We tried something a little different with our Hilux test, handing the keys over to someone that has not spent much time behind a bakkie steering wheel before. I dreaded the worst kind of feedback from my colleague, who is accustomed to driving a compact, comfortable SUV on a daily basis.
The good news is that my colleague was simply blown away by the sheer presence of the bakkie, and its luxuriousness. Large, impending, purposeful; her Hilux drive was described to me as one of the most pleasurable experiences behind the wheel of a vehicle, apart from a little bounciness in terms of ride and handling, which is to be expected in an unladen workhorse.
It was, however, keenly pointed out that Toyota has done away with fitting a vanity mirror on the driver’s side sun visor; a major no no according to my colleague. But, vanity mirror aside, I managed to wrangle the Hilux back for a few days to see what it is like to drive in traffic, to and from the office in the Johannesburg CBD, before taking a few dirt-road drives where possible.
The latest additions to the interior of the range-topping Hilux make it a rather sumptuous place to sit, particularly considering that at heart it is a workhorse.
A rigid and robust ladder frame chassis, with tried-and-tested suspension technology (double wishbone upfront and leaf spring at the the back) is not going to win any ride and handling contest, but its proves competent at changing direction and stopping and soaking up potholes.
Compared to the Ford Ranger Wildtrak I test drove last year, I found the Raider to ride with a little more composure over speed bumps and when braking on an undulating road surface too.
Being an automatic, driving the high-torque bakkie is as easy as can be, and even if you are not familiar with ‘bakkie dimensions’, you will find it easy to place in a lane or park in a mall shopping lot.
I did find, however, that a decent 360-degree camera system would make manoeuvring the bakkie easier. Sure, bakkies are not normally fitted with 360-degree cameras, but the Mercedes-Benz X-Class we had on test a little while back had them, and if Mercedes sees it fit for its bakkie, there is no reason why the best-selling bakkie in SA should not have such a system (even as an option).
Another key item missing from the test car was a leather interior. It comes with sleek Dakar edition-inspired black fabric seats, which look cool while they are new, but we would like to see what they look like after 10 000km. If you do buy one, talk to your dealer about leather fitment as an option.
Apart from my want for a nice camera system and leather in the Raider 4x4 Auto, there is not much else missing from the cabin. You get a decent air-conditioning system, electrically operated windows and mirrors, an adjustable steering wheel and multi-adjustable driver and passenger seat. Its stability control system also works well in reining in torque to the wheels on slippery surfaces.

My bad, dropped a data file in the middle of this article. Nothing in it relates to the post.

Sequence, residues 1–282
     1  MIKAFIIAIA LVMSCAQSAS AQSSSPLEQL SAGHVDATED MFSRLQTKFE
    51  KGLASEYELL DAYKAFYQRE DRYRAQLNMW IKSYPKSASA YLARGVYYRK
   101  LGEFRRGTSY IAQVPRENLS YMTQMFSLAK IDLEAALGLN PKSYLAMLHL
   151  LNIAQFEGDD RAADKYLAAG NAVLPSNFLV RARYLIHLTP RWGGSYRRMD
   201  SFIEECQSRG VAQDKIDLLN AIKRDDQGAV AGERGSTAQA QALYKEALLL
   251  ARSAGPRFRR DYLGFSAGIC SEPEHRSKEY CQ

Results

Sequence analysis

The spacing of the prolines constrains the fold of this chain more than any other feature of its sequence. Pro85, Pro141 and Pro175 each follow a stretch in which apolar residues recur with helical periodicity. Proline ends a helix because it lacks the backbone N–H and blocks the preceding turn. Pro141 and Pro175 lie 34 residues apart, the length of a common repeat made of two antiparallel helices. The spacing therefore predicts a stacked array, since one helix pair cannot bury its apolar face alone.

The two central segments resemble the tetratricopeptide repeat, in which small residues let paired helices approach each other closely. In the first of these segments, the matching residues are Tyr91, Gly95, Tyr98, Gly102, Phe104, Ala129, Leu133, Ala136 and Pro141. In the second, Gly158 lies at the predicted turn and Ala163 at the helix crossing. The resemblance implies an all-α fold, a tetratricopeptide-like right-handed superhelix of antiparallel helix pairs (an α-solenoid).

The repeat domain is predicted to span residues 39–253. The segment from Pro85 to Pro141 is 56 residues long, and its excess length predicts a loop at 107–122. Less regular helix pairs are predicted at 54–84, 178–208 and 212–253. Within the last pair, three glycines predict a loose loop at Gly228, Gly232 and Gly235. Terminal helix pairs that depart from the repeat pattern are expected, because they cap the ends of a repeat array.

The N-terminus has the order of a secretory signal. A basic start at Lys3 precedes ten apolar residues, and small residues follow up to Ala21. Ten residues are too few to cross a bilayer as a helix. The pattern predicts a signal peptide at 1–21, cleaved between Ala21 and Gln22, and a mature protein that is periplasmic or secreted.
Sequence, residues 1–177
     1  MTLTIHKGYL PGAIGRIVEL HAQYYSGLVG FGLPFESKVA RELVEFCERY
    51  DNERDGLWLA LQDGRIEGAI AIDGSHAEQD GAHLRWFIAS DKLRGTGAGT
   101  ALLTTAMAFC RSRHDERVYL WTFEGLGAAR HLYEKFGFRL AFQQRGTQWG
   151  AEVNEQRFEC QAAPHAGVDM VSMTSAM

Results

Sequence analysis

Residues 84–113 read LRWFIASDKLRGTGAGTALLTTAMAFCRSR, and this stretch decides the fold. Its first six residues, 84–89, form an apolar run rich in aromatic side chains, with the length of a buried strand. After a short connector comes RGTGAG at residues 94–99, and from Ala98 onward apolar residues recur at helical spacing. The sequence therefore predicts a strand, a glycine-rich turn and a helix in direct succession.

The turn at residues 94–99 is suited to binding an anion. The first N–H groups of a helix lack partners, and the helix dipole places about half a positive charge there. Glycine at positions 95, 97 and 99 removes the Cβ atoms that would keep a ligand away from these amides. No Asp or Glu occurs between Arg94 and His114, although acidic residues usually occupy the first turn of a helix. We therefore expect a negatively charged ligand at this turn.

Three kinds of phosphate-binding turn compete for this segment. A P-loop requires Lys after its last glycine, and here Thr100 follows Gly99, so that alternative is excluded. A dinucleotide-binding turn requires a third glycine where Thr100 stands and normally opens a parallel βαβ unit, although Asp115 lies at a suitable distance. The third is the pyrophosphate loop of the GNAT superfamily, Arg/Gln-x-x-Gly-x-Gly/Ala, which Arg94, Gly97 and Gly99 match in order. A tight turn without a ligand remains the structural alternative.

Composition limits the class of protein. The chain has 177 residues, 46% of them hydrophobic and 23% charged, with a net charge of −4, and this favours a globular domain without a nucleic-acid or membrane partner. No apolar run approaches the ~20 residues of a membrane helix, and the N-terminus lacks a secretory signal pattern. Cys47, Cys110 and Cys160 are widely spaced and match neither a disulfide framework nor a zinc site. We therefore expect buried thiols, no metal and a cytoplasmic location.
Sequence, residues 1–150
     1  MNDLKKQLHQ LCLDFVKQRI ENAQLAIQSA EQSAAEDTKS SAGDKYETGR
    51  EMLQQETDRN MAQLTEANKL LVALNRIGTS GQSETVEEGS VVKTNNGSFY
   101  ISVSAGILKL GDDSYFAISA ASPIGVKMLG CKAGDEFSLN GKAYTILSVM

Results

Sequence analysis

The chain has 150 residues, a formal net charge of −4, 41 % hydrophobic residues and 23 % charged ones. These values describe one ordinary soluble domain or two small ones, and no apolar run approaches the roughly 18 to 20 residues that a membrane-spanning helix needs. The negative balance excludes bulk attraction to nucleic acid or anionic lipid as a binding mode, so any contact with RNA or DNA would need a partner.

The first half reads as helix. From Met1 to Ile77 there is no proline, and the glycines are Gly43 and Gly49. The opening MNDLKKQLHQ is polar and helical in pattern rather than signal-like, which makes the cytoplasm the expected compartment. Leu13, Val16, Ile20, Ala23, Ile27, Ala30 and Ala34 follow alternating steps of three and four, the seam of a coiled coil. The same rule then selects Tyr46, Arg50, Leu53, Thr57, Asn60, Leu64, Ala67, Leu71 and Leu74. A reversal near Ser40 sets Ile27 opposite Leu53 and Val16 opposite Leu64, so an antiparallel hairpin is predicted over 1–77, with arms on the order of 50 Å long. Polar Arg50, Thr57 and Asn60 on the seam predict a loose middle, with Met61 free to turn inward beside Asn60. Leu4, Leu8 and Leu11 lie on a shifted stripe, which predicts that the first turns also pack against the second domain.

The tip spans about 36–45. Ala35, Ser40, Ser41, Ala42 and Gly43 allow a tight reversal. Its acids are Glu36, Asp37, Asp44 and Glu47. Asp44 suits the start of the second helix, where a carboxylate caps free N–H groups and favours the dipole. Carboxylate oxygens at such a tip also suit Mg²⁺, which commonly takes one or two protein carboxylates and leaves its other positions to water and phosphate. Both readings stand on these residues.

The vehicle’s upgraded audio system takes some time to learn and become familiar with, and I did find it rather slow to respond at times, but it is capable of supporting iPhone and Android phone apps. The coolest ‘feature’ for me, though, is a nifty LCD screen in the middle of the instrument cluster that plays a short clip of a sporty Hilux each time you switch the ignition on. It is a gimmick, sure, but it is a cool gimmick on a bakkie.
On the road, you are sitting in a nice commanding driving position, while the lack of a clutch pedal means a more relaxed drive. You still get a diff-lock, and shift-on-the-fly 4x4 modes, which you can engage when tackling off-road trails.
I drove the Hilux, mostly, in 2H (rear-wheel drive mode) and found it to be responsive to inputs on the road and on the dirt. Where the dirt surfaces got a little too slippery, 4H (four-wheel drive mode) added some confidence to go a little faster.
You can shift gears manually in the Raider 4x4 Auto, apparently, but whenever I went into manual mode by tapping the shifter to ‘manual’ it reverted to 4th gear. It is also a bit too slow to respond to shift commands, but can work well when you need to select particular gears in off-road circumstances. Rather just stick the gear shifter into auto mode when driving on the daily grind and let the engine carry you on its wave of torque.
The 2.8GD-6 (130kW and 450Nm) diesel engine fitted to the bakkie is the same unit that has been doing duty in the Hilux since the range was launched a few years ago. Thanks to its turbocharger, it feels meaty and able to haul. It is also surprisingly frugal too, because I genuinely expected to average around 11 to 12 litres per 100km on the test cycle.
It used 9.5l/100km over a period of a week in a combined cycle.
Toyota’s Hilux is a best-seller for many reasons; its build quality, its reliability and its resale value. But it is also a best-seller because it is backed up by one of the largest networks of dealers and workshops in the country. You know that when you buy a Hilux, you are buying something that is going to last, and that if you need to change vehicles at some point, you can take it back to a dealer and receive fair value for it. In an increasingly competitive light commercial segment, the Hilux has all the right stuff to make it a number-1 vehicle.
Sure, it is getting pricey now, with our test car coming in at around R621 000, but you do get a whole lot of capability for your money. It comes with a 9-services/90 000km Service Plan and 3-year/100 000km warranty.
I’d have one in a heartbeat, in black, with beefy off-road wheels and tyres, please.